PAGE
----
A recent Israeli study confirmed that women with well-managed diabetes are not at an increased risk of giving birth to infants with RDS (respiratory distress syndrome), preterm infants, and infants with very low birth weight. The findings were reported in a recent issue of the journal “Pediatrics.”
“With modern management and adequate glycemic control in pregnancies complicated by diabetes mellitus, the risk of respiratory distress syndrome in near-term and term newborns may not be increased beyond that of a nondiabetic control population,” said the authors of the study. The study was headed by Yoram Bentel, M.D., of the Department of Neonatology at Laniado Hospital in Israel and the Israel Institute of Technology in Haifa. Researchers from the Israel Neonatal Network also participated in the investigation.
“We hypothesized that maternal … [diabetes] increases the risk for mortality, respiratory distress syndrome (RDS), and major complications of prematurity,” wrote the authors.
The research team analyzed data collected between the years 1995 and 2007 by the Israel National Very Low Birth Weight Infant Database. They studied the effect that diabetes had on pregnant women in increasing risk of infant mortality, RDS, and similar complications commonly associated with prematurity. The women were divided into two groups, according to whether they were diagnosed with gestational or pregestational diabetes; the two groups showed similar results so their data was pooled in the final analysis.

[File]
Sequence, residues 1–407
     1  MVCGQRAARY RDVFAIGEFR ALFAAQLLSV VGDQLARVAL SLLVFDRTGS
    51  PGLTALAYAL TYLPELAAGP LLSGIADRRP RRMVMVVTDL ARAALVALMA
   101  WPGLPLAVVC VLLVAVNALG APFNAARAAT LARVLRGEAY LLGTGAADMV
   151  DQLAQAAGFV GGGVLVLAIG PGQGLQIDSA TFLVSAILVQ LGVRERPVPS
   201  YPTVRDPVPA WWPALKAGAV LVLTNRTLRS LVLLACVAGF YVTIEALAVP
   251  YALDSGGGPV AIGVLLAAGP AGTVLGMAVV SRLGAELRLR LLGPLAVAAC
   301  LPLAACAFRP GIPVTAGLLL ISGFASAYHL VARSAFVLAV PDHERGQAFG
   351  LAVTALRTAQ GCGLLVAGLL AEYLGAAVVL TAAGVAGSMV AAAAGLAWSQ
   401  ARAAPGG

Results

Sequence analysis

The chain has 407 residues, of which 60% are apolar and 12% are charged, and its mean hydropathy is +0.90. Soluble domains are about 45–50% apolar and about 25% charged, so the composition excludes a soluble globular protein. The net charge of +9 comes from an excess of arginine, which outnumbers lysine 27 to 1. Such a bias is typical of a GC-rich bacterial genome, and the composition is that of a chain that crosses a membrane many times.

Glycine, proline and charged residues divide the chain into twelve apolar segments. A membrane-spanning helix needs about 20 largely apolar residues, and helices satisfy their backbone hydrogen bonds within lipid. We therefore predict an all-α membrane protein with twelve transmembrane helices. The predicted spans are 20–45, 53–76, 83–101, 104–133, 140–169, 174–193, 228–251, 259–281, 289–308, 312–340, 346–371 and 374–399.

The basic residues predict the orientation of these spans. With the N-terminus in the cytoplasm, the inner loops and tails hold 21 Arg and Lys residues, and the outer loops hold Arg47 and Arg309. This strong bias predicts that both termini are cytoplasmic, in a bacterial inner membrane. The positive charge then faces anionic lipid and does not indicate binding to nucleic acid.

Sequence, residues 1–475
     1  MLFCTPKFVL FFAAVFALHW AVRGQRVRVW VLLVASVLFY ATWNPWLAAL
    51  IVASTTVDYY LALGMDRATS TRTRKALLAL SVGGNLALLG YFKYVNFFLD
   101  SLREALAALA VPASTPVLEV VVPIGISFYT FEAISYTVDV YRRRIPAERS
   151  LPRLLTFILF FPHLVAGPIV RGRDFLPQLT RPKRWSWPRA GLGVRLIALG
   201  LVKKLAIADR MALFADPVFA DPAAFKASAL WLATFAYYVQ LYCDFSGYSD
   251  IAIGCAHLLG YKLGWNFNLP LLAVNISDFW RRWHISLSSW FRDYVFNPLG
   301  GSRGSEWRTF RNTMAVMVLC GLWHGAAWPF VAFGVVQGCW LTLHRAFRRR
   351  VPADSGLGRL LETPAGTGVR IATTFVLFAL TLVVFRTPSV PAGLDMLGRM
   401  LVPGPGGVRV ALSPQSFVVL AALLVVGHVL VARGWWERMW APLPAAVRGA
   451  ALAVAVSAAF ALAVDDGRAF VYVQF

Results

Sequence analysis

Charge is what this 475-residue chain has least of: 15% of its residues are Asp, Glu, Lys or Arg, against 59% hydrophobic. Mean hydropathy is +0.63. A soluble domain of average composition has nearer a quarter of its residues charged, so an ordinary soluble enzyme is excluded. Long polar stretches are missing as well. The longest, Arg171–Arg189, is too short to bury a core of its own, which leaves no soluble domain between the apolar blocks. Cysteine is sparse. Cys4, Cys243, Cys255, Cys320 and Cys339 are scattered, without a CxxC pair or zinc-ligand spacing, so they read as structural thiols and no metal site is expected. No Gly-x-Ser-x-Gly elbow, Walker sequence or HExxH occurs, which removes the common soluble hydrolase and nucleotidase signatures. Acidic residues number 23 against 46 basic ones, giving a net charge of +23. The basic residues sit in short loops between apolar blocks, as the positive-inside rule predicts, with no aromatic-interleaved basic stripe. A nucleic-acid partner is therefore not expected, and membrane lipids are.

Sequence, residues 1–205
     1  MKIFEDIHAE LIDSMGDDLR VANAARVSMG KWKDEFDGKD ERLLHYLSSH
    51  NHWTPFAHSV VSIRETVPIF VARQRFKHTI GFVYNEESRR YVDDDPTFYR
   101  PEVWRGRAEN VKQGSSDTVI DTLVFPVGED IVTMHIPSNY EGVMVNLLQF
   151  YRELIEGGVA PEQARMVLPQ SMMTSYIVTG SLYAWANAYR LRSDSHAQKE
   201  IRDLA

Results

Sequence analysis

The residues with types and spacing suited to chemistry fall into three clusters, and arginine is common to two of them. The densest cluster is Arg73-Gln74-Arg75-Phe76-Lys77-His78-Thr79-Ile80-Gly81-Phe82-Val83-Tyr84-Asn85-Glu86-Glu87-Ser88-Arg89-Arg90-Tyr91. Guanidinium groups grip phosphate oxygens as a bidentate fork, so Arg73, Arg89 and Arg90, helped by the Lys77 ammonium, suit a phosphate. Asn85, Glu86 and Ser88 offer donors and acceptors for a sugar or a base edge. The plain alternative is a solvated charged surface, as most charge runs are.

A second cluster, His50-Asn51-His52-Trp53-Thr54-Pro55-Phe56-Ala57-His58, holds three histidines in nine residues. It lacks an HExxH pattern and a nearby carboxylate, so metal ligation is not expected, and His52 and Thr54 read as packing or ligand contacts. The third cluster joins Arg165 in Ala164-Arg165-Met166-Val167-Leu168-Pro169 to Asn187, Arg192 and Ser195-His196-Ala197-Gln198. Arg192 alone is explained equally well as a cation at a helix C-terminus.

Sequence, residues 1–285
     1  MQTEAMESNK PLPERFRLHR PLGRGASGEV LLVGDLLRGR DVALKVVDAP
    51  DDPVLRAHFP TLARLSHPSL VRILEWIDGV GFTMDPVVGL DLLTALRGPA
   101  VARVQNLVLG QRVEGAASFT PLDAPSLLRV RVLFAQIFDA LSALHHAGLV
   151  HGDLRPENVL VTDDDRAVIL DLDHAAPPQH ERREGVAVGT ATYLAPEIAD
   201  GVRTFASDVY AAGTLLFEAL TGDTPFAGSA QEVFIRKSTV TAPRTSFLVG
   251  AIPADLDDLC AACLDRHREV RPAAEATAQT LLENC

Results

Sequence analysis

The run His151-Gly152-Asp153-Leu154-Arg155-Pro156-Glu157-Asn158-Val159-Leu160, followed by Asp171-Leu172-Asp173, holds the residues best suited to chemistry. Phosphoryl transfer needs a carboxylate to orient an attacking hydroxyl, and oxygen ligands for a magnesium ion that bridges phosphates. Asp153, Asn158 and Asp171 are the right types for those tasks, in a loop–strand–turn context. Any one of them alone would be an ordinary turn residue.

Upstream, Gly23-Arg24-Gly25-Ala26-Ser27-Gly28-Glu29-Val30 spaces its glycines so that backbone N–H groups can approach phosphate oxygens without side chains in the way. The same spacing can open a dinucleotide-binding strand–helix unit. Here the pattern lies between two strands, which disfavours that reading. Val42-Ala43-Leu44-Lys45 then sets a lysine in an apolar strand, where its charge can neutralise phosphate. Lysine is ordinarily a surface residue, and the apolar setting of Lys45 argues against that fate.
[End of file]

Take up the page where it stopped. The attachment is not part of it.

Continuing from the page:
The results showed that women who had been diagnosed with diabetes were more likely to have been prescribed a complete course of prenatal steroids compared to non-diabetic women. On average, diabetic women gave birth to infants who had a slightly higher birth weight and gestational age than the non-diabetic women; however, diabetic and non-diabetic women showed similar distributions in birth weight percentiles and mean birth weight z scores. Diabetic mothers demonstrated higher Apgar scores.
There was no statistically significant difference in the two groups of women with regards to rates of delivery room mortality, RDS, and similar complications of prematurity. Women without diabetes actually saw a higher rate of total infant mortality and bronchopulmonary dysplasia.
“With modern management and adequate prenatal care, IDM born very low birthweight do not seem to be at an excess risk of developing RDS or other major complications of prematurity compared with non-IDM,” concluded the authors.